Thoughts on the message U of Chicago administration sent to students affected by Israel’s invasion of Gaza

Administrators at the University of Chicago sent the following message to select students on campus following Israel’s invasion of the Gaza Strip:

The Campus and Student Life division of the Office of International Affairs messaged a number of students on campus, including myself, urging us to take advantage of the University’s resources and support networks during these trying times. As the death toll tops four dozen, with so many children and one pregnant woman being among the fatalities, families in the Gaza Strip are calling for an end to Israel’s invasion and ongoing blockade of the territory.

From a campus body that can best be defined with one word — apathetic — and an administration that, quite frankly, hasn’t ever and probably won’t ever present the Palestinian narrative the way it does when Ehud Olmert and Michael Oren are free to speak on the work they’ve been doing to force Palestinians into submission (see: Operation Cast Lead, 2008-9), this is an unexpected and exceptionally thoughtful move that I’m sure many will appreciate.

The important thing in all of this is that the University seems to have finally acknowledged that Palestinian students do exist on campus and that their struggles here and abroad actually bear weight. When Olmert spoke on campus just months after authorizing the 2008-9 assault on Gaza that left over 1,400 people dead including 330 children, campus authorities sent a schoolwide message expressing how ‘disturbed’ they were that Olmert had been interrupted. No staff member, faculty member, or administrator connected on behalf of the University with the many horrified, offended, and devastated students who, still today, reel from Olmert’s boastful speech about how Israel had done no wrong in targeting Gaza’s civilian population.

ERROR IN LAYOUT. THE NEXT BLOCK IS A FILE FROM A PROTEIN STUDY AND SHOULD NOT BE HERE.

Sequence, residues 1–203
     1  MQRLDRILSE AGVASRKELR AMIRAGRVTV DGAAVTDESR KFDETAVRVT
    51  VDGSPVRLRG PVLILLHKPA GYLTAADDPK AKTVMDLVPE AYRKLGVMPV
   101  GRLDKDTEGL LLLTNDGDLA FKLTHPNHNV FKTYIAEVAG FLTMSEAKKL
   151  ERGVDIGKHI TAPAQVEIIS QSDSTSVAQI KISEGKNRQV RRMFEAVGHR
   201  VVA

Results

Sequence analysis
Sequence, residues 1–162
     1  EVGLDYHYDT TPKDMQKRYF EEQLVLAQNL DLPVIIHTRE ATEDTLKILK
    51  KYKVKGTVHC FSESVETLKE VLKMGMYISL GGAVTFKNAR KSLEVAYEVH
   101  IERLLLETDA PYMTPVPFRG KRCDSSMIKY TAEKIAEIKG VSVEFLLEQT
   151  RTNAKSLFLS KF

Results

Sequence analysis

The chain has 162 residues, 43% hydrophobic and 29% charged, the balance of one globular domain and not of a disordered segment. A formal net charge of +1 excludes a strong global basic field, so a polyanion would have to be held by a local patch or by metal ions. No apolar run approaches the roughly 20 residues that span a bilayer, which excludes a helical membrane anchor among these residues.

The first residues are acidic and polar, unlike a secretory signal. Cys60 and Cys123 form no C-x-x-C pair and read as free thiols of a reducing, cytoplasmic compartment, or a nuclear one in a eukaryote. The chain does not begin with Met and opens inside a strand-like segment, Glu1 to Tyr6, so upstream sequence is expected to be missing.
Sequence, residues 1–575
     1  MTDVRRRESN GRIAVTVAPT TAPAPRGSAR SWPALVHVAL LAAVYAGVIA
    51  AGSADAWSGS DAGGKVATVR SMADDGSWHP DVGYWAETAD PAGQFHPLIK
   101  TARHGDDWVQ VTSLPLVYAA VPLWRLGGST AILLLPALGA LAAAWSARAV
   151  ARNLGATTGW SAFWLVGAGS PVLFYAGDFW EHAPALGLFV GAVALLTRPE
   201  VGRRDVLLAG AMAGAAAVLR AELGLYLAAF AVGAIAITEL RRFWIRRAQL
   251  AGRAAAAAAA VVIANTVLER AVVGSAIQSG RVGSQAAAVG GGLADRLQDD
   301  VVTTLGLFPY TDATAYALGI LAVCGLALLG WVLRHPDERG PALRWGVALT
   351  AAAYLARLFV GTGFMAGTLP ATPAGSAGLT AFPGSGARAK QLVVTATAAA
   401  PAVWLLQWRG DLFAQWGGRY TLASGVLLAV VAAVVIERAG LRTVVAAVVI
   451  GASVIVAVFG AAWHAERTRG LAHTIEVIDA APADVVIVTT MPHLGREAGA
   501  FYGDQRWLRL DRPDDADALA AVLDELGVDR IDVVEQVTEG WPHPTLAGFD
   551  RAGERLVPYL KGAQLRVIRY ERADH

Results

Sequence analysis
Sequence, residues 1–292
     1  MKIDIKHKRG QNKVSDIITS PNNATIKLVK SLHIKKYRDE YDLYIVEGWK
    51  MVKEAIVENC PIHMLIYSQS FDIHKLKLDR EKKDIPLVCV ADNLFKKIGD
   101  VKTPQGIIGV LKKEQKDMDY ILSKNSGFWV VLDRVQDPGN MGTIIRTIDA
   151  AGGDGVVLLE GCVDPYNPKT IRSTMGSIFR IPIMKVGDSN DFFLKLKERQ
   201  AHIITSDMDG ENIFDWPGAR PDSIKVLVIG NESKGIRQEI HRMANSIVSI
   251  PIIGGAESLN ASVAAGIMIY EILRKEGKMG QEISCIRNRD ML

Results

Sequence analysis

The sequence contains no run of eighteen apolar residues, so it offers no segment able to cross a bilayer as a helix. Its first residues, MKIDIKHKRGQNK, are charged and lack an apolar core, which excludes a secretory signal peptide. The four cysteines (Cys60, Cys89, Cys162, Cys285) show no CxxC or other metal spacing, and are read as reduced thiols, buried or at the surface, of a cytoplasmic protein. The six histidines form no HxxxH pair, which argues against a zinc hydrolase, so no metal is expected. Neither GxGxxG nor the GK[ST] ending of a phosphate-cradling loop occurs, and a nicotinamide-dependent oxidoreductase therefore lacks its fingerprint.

All that did happen, however, were a series of fruitless closed-door meetings that refused to acknowledge that the University had compromised its apolitical stance and that, worse, it had completely marginalized a small but active minority of the student body.

Two and a half years later, Israeli ambassador Michael Oren was invited by the University to speak about why U.S. support is crucial for a possible invasion on Iran and an inevitable buckling-down on Gaza.

Now, as election season in Israel rolls through and as Prime Minister Benjamin Netanyahu fights to rally support for his campaign by showing how tough he is on the Palestinians, writes University of Chicago professor John Mearsheimer, we are left to witness something that will unfold with even greater consequences. Some of these consequences will extend to college campuses around the nation where Palestinian students and their supporters, already facing a climate of resistance from administrators, will have to substitute time spent on studies with time spent checking up on friends and family hoping to outlive Israel’s aerial bombardment. The University knows and acknowledges this. The next step is to get it to guarantee none of its endowment and our tuition money funds the weaponry used over Gaza tonight.

Sami Kishawi

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